Escape the City with a Road Trip in the Adirondacks

​The Adirondacks are wilder than you think.

By: Sara Sheehy + Save to a List

When Adirondack Park was created in 1892, the six-million-acre region of upstate New York was barely populated. Trappers, hunters, and loggers moved through the mountains and navigated the rivers and lakes by foot, horse, cart, and boat. 

Tourists from New York City and beyond started arriving in the late 1800s, escaping the heat of the summer, and they fell in love with the fresh air, untouched landscape, and lakefront lodges built just for them.

It was a wild place. It is still is.

There are precious few roads inside Adirondack Park, but stringing them together makes for a scenic — and adventurous — road trip. In the Park, which is a mix of private and state-owned land, there are 3,000 lakes to paddle, 30,000 miles of rivers and streams to float or fish, and over 2,000 miles of marked trails to explore. 

So hop in your car and escape to the Adirondacks for a weekend, a week, or more. While you're there, check out these must-do adventures in the wilds of New York.

The High Peaks

Of any town in the Adirondacks, Lake Placid is arguably the most well-known. Lake Placid is famous for hosting two winter Olympics (1932 and 1980) and sits on the shores of beautiful Mirror Lake. 

It's also the natural home base for those looking to tackle a few of the Adirondack's 46 "High Peaks," so named because they were thought to be over 4,000 feet. Most are, but modern measurements show that a few punch in slightly lower.

Come for the adventure, but don't miss out on the great food, Olympic museum, and cool vibe of Lake Placid.

Adventure by Lucas Gashi

Adventure by Michael Martineau

Adventure by Lucas Gashi

The Central Adirondacks

What the Central Adirondacks lack in sizable towns it more than makes up for with hiking, camping, and paddling. Here you'll find plenty of fire towers to climb (there's even an ADK Fire Tower Challenge), wild rivers to swim in, and Wilderness areas for backpacking.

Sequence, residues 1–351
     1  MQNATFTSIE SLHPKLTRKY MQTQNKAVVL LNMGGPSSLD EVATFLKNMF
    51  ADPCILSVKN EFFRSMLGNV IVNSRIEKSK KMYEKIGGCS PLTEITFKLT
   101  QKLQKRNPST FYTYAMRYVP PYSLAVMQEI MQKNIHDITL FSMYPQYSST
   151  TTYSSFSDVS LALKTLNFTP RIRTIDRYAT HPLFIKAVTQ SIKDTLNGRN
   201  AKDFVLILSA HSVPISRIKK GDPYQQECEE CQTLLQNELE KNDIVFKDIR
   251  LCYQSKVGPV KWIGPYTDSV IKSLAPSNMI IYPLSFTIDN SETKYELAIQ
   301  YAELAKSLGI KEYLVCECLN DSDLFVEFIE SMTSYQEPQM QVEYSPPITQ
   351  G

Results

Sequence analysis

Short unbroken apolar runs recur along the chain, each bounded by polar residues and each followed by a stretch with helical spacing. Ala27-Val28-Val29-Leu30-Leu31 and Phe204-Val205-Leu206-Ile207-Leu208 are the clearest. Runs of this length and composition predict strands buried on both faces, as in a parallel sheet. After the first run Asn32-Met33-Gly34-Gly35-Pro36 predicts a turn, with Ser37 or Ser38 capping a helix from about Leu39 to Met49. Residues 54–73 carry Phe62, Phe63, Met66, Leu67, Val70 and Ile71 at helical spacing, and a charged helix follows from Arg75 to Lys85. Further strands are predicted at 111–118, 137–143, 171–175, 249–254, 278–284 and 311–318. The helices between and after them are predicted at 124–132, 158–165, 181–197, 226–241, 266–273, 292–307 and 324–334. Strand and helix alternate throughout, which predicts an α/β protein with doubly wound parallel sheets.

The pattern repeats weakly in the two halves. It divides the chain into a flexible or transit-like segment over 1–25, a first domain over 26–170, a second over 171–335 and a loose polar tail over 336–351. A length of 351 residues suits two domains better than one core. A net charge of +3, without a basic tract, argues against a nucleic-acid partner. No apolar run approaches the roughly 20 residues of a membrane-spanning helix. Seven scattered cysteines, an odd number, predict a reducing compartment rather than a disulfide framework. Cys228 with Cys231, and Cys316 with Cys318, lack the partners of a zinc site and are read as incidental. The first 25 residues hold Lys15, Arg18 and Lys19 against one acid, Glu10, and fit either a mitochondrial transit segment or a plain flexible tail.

The Adirondacks has over 200 lean-tos—three-sided log structures that are open for camping on a first-come, first-served basis. Some are a few miles of hiking from the trailhead, and some are much, much further. String together a backpacking trip, or walk into one for the evening to get an authentic taste of the Adirondacks.

Adventure by Shaun O'Neill

Adventure by Timothy Behuniak

Adventure by Erin Hanczyk

The Western Adirondacks

Within easy driving distance of Syracuse and Utica you'll find Old Forge, a mid-sized hamlet in the western Adirondacks. Filled with tourist-friendly amenities like restaurants, a grocery store, and a general store, Old Forge sits in the middle of plentiful paddling, hiking, and mountain biking opportunities.

Old Forge is also the starting point of the 740-mile Northern Forest Canoe Trail, which stretches all the way to Fort Kent, Maine. Paddle for a day or may just be enticed to plan a thru-paddle of the entire trail.

Adventure by Sara Sheehy

Adventure by Shawn Grenninger

Adventure by Sara Sheehy

Cover photo by Shawn Grenninger

We want to acknowledge and thank the past, present, and future generations of all Native Nations and Indigenous Peoples whose ancestral lands we travel, explore, and play on. Always practice Leave No Trace ethics on your adventures and follow local regulations. Please explore responsibly!

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